According to the August 10, 2021, U.S. Drought Monitor, moderate to exceptional drought covers 40% of the United States including Puerto Rico, the same as last week. The worst drought categories (extreme to exceptional drought) increased from 21.7% last week to 22.1% this week.
The atmospheric circulation over the contiguous United States experienced a transition over the week. Pacific weather systems smashed into the upper-level ridge over the West, weakening it and shifting its core out over the Pacific. Meanwhile, the upper-level trough over the East slowly migrated out of the region, leaving behind the remnant of a cool front along the Gulf and Atlantic coasts. Above-normal precipitation occurred along this front and with Pacific weather systems that moved across parts of the Pacific Northwest to Great Lakes.
Upper-level ridging was slow to give up its grip on the country, and this resulted in large areas of below-normal precipitation across the contiguous United States. The remnant cool front kept temperatures below normal from the southern Plains to Mid-Atlantic coast, while clouds and rain kept weekly temperatures down over parts of the northern Rockies. But the week averaged warmer than normal over parts of the Southwest and northern Plains to New England.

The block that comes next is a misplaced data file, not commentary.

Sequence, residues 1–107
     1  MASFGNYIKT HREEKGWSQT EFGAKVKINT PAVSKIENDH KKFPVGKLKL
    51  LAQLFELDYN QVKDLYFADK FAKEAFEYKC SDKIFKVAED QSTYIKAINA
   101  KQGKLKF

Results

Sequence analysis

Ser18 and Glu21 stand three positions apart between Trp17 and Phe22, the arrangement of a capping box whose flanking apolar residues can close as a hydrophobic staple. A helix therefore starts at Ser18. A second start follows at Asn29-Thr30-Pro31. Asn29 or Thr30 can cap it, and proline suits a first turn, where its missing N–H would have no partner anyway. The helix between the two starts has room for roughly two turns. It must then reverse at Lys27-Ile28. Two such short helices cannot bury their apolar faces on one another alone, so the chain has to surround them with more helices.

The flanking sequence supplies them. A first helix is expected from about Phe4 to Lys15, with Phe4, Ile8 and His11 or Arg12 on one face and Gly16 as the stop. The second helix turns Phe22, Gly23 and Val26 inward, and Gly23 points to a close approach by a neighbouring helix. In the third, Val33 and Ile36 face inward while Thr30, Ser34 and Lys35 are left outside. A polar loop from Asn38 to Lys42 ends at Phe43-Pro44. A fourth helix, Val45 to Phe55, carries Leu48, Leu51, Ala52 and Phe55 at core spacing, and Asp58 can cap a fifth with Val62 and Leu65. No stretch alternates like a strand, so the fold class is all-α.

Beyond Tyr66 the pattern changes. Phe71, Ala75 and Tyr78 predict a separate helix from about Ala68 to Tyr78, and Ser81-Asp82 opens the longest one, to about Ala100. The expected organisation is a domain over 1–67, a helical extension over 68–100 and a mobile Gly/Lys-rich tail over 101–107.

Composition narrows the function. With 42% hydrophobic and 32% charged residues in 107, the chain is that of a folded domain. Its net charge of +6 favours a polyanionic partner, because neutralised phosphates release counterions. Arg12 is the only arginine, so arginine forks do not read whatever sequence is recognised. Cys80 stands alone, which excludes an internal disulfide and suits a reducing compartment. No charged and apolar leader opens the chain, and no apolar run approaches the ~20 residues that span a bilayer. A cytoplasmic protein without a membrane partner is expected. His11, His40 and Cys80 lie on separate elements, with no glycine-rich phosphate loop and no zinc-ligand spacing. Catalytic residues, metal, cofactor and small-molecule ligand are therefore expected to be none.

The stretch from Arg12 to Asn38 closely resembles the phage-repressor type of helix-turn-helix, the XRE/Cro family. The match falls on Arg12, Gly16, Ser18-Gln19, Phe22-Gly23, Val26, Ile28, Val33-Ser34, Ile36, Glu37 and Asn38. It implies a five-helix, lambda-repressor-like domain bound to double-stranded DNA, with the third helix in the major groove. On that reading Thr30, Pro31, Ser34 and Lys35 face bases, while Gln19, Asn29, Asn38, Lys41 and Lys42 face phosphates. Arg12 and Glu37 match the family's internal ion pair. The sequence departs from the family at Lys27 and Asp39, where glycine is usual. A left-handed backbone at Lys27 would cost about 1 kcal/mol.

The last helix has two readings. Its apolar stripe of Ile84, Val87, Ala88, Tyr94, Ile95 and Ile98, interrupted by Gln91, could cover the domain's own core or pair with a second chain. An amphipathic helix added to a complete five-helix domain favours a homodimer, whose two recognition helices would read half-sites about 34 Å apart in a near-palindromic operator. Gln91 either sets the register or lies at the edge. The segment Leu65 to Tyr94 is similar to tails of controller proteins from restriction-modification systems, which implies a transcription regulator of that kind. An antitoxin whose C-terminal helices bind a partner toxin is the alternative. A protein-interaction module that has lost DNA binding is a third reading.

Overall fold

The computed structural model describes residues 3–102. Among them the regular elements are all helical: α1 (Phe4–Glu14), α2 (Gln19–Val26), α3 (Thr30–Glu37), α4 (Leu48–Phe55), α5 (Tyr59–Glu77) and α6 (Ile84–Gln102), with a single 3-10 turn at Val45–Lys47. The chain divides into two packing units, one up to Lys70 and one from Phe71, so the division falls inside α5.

Drought contraction occurred in patches from the Southwest to Upper Mississippi Valley, while expansion or intensification happened in areas from the Plains to central Appalachians. Overall, expansion exceeded contraction for the contiguous U.S., while expansion balanced contraction for the 50 States and Puerto Rico, with the nationwide moderate to exceptional drought area changing little this week.
Abnormal dryness and drought are currently affecting over 107 million people across the United States including Puerto Rico—about 34.6% of the population.
In addition to Drought.gov, you can find further information on the current drought as well as on this week’s Drought Monitor update at the National Drought Mitigation Center.
The most recent U.S. Drought Outlook is available from NOAA’s Climate Prediction Center and the U.S. Department of Agriculture provides information about the drought’s influence on crops and livestock.